A Syrian Treat for Shavuot

editor Saturday 19 May 2018 Share on Facebook Share on Twitter Share by email Printer friendly

By Joan Nathan.. Tired of cheesecake and blintzes? Make cheese-filled sambusak your new holiday recipe. Shavuot, a holiday where dairy meals are traditionally served at Jewish homes throughout the world, commemorates the giving of the Torah on Mount Sinai. [Photo top right: Syrian cheese sambusak | Photo credit: Justin Covington].  It falls 50 days after the planting of wheat on the second day of Passover; with crops, as well as wild greens and grass, appearing throughout March, April, and May, more food was available for goats and sheep to eat in the hot, dry Middle East by the time Shavuot came around. If the animals had more to eat, they produced more milk and thus, this became the holiday of cheese, cheesecakes, and cheese-filled pastries.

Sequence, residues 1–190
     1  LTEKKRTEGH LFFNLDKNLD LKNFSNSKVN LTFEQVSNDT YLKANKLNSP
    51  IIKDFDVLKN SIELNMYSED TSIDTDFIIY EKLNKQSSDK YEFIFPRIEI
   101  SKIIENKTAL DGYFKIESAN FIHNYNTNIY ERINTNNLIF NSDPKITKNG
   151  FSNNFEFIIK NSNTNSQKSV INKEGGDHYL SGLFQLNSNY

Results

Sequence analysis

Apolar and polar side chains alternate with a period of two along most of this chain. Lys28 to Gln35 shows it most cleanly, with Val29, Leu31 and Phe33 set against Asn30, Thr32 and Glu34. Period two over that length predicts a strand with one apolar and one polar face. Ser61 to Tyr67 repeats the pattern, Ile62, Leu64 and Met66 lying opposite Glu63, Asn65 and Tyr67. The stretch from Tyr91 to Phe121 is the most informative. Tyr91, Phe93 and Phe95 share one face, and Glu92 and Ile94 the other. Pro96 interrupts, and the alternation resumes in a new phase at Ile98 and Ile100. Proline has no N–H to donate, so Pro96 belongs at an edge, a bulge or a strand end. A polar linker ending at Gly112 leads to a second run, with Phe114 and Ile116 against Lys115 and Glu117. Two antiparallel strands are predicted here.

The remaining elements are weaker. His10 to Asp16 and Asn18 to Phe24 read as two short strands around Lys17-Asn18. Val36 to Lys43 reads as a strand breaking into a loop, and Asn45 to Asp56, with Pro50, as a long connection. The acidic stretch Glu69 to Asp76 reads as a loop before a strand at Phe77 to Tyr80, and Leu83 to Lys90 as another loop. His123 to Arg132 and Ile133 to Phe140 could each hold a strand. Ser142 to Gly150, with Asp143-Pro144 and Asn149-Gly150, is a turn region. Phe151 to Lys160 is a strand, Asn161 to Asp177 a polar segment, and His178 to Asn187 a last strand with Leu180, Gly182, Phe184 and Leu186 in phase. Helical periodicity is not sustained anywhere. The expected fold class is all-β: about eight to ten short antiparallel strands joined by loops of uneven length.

The custom spread throughout the world: In Russia, there are cheese blintzes; in Turkey, cheese burek; in the United States, cheesecakes; and in countries like Iraq and Syria, sambusak. Coming from the words sanbosag and sanbusa in Persian, the word itself means triangular, like a pocket pastry. Referred to as sanbusaksanbusaz, or sanbusaj in Arabic cookbooks from the 10th to the 13th centuries, these savory pastries go way back in the Iraqi Jewish communities that eventually spread to Syria and India. Read the full story and watch the video.



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